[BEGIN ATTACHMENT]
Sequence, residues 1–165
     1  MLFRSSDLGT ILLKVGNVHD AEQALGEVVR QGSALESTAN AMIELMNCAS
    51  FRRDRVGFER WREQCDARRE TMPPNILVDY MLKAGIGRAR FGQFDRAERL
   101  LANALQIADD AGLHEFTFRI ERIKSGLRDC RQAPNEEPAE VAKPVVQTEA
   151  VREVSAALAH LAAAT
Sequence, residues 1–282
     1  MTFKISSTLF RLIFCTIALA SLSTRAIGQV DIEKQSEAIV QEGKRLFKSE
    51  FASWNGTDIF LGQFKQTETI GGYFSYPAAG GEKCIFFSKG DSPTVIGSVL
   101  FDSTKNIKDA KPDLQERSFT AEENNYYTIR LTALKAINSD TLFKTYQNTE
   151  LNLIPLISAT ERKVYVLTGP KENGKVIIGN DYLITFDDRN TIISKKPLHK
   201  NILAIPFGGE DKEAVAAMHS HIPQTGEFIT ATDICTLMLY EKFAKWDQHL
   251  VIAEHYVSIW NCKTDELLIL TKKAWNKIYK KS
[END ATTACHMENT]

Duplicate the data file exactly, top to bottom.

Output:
Sequence, residues 1–165
     1  MLFRSSDLGT ILLKVGNVHD AEQALGEVVR QGSALESTAN AMIELMNCAS
    51  FRRDRVGFER WREQCDARRE TMPPNILVDY MLKAGIGRAR FGQFDRAERL
   101  LANALQIADD AGLHEFTFRI ERIKSGLRDC RQAPNEEPAE VAKPVVQTEA
   151  VREVSAALAH LAAAT
Sequence, residues 1–282
     1  MTFKISSTLF RLIFCTIALA SLSTRAIGQV DIEKQSEAIV QEGKRLFKSE
    51  FASWNGTDIF LGQFKQTETI GGYFSYPAAG GEKCIFFSKG DSPTVIGSVL
   101  FDSTKNIKDA KPDLQERSFT AEENNYYTIR LTALKAINSD TLFKTYQNTE
   151  LNLIPLISAT ERKVYVLTGP KENGKVIIGN DYLITFDDRN TIISKKPLHK
   201  NILAIPFGGE DKEAVAAMHS HIPQTGEFIT ATDICTLMLY EKFAKWDQHL
   251  VIAEHYVSIW NCKTDELLIL TKKAWNKIYK KS